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The State of American Journalism: Where Are We, Where Are We going?

Today in the United States, journalism and press freedom, whose grounding principles are considered by many to be a mission to report the truth to the public, is under threat. Waves of misinformation have invaded mainstream platforms, leaving readers and our nation’s institutions to grapple with the facts, and challenging the fragile fabric of our democracy. News sources that were once independent are being consolidated into massive, bulky media conglomerates with single-minded agendas. Newsrooms, too, remain homogeneous, with limited representation, despite promises to do better.  

Within this fraught landscape, the Dallas Literary Festival, in partnership with PEN America, thanks you for participating in a panel featuring journalists and prominent cultural critics who shared their experiences navigating the issues of modern, American journalism. This in-person event featured an enlightening panel of both local and national experts who illuminated the obstacles at large and provided insightful guidance for the paths ahead.

Dallas Literary Festival: The State of American Journalism


headshot of Charles Blow

 Charles M. Blow is an Op-Ed columnist at The New York Times where his column appears on Thursdays and Mondays. Mr. Blow’s columns tackle hot-button issues such as social justice, racial equality, presidential politics, police violence, gun control, and the Black Lives Matter Movement.

Mr. Blow is also a CNN commentator and a Presidential Visiting Professor at Yale, where he teaches a seminar on media and politics. He is the author of the critically acclaimed New York Times bestselling memoir, Fire Shut Up in My Bones. The book won a Lambda Literary Award and the Sperber Prize and made multiple prominent lists of best books published in 2014. People Magazine called it “searing and unforgettable.” Mr. Blow joined The New York Times in 1994 as a graphics editor and quickly became the paper’s graphics director, a position he held for nine years. Mr. Blow went on to become the paper’s design director for news before leaving in 2006 to become the art director of National Geographic Magazine. Before coming to The Times, Mr. Blow had worked at The Detroit News.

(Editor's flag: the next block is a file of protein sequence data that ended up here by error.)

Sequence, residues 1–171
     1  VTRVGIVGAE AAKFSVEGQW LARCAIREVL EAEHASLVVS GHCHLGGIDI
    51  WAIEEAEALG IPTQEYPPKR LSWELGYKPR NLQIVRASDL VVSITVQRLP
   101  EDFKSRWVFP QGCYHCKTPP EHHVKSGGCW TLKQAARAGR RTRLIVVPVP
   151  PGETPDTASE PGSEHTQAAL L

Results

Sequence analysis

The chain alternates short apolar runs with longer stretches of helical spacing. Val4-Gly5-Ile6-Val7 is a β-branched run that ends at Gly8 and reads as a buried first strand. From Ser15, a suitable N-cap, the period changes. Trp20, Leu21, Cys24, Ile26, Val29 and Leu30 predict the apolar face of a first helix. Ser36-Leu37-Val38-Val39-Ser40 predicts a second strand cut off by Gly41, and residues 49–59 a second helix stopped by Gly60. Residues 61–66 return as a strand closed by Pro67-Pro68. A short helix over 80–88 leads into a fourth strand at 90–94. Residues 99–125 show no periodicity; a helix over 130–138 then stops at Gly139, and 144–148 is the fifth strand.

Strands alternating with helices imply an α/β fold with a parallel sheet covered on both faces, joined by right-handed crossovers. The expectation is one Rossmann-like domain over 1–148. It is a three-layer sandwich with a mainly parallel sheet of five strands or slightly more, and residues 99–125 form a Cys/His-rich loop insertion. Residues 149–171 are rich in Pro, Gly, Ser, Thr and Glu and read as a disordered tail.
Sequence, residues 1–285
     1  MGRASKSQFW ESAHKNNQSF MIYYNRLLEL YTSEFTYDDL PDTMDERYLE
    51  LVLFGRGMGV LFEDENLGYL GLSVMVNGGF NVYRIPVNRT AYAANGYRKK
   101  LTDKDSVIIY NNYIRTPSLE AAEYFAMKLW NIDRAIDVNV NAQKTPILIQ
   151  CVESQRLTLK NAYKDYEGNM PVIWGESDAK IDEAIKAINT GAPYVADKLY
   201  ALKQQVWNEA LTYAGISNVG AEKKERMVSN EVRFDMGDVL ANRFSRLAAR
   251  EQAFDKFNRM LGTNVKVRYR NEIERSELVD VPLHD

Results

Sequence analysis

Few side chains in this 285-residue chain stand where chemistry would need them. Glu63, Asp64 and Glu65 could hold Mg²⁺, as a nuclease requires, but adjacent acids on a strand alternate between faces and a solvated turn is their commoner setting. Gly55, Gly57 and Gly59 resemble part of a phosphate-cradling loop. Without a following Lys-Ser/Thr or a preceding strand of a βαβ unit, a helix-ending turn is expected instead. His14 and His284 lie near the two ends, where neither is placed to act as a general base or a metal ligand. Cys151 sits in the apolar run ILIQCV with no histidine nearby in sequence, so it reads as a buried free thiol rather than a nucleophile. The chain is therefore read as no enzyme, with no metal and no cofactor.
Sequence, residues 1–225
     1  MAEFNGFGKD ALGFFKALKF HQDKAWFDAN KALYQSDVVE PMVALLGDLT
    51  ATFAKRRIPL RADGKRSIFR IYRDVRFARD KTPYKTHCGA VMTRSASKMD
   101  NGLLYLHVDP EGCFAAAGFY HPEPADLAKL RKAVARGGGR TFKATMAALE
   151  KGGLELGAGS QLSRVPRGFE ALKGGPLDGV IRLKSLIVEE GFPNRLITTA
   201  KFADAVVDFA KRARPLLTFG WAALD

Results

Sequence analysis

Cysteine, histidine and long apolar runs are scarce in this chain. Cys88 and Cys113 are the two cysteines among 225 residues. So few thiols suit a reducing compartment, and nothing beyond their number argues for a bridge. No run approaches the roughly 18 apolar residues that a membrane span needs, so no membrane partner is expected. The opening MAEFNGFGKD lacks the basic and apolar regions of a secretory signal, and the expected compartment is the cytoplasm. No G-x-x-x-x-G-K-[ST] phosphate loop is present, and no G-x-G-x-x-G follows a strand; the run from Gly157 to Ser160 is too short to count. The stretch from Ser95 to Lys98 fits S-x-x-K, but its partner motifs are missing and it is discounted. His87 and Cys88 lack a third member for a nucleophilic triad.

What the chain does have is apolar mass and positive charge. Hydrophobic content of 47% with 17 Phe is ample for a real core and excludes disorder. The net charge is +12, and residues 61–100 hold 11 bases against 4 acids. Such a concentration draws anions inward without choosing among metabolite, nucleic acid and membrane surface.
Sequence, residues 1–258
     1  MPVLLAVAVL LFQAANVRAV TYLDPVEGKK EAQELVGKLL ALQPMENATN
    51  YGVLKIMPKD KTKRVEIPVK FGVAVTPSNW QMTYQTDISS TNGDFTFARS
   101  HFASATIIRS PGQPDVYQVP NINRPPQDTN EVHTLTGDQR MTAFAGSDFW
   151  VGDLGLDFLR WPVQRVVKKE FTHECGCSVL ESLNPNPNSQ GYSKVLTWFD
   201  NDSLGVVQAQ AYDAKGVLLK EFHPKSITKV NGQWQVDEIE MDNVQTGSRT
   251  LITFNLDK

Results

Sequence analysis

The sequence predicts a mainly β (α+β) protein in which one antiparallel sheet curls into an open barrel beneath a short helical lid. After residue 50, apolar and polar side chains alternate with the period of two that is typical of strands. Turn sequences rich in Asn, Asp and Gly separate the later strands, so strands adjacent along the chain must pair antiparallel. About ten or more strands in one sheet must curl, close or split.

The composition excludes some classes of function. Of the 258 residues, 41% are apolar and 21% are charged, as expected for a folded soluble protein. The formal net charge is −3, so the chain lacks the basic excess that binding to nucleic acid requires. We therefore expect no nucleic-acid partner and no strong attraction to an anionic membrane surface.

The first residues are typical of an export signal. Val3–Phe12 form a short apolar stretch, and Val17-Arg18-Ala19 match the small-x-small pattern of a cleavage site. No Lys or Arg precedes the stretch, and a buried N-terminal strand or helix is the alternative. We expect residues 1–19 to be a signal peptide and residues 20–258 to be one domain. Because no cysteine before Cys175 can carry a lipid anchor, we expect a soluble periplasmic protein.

Tom Huang headshotTom Huang is Assistant Managing Editor for Journalism Initiatives at The Dallas Morning News, where he oversees Sunday Page One, edits in-depth enterprise stories, directs newsroom talent development and leads The News’ community-funded journalism initiative, which seeks philanthropic funding to support public service journalism. In 2020, he helped launch The News’ Education Lab, which has expanded Texas education reporting with the support of several local foundations. As an adjunct faculty member of The Poynter Institute, he organizes and teaches seminars for professional journalists on writing, reporting and editing, and coaches in the Local News Innovation Program, which helps newsrooms make the transition to sustainable digital publishing.

Rebecca Aguilar headshotRebecca Aguilar currently serves as the national president of the Society of Professional Journalists, the first Latina to do so in the organization’s 112-year history. She also lives and breathes news. Celebrating 40 years as a journalist, she is a freelance reporter based in Dallas. Her journey started as a news reporter at a television station in Toledo, Ohio. She also made professional stops at television stations in Chicago; Corpus Cristi, Texas; San Antonio; Phoenix; Los Angeles and Dallas. Along the way, she has been recognized with 50 awards and nominations for her journalism work. Her stories have put people in jail, shut down corrupt businesses and school districts, and changed federal policies.

Hannah Waltz headshotHannah Waltz is the U.S. Free Expression Programs coordinator at PEN America. Previously, she was the media literacy training coordinator at PEN America, supporting the initiative “Knowing the News,” a nationwide media training program.

Before moving to New York, Waltz lived in Pittsburgh. There, she worked on the programming team at City of Asylum, where she helped to produce events and acclimate international writers-in-residence to new lives in the U.S. She worked at local bookstores and magazines, and was also actively involved in ReelQ, Pittsburgh’s LGBTQ+ film festival as an events coordinator and board member. A native of Indiana, Waltz received her bachelor’s degree in English and creative writing from Indiana University Bloomington, where she also interned at the Indiana Review and IU Writers’ Conference, and worked as a radio DJ.



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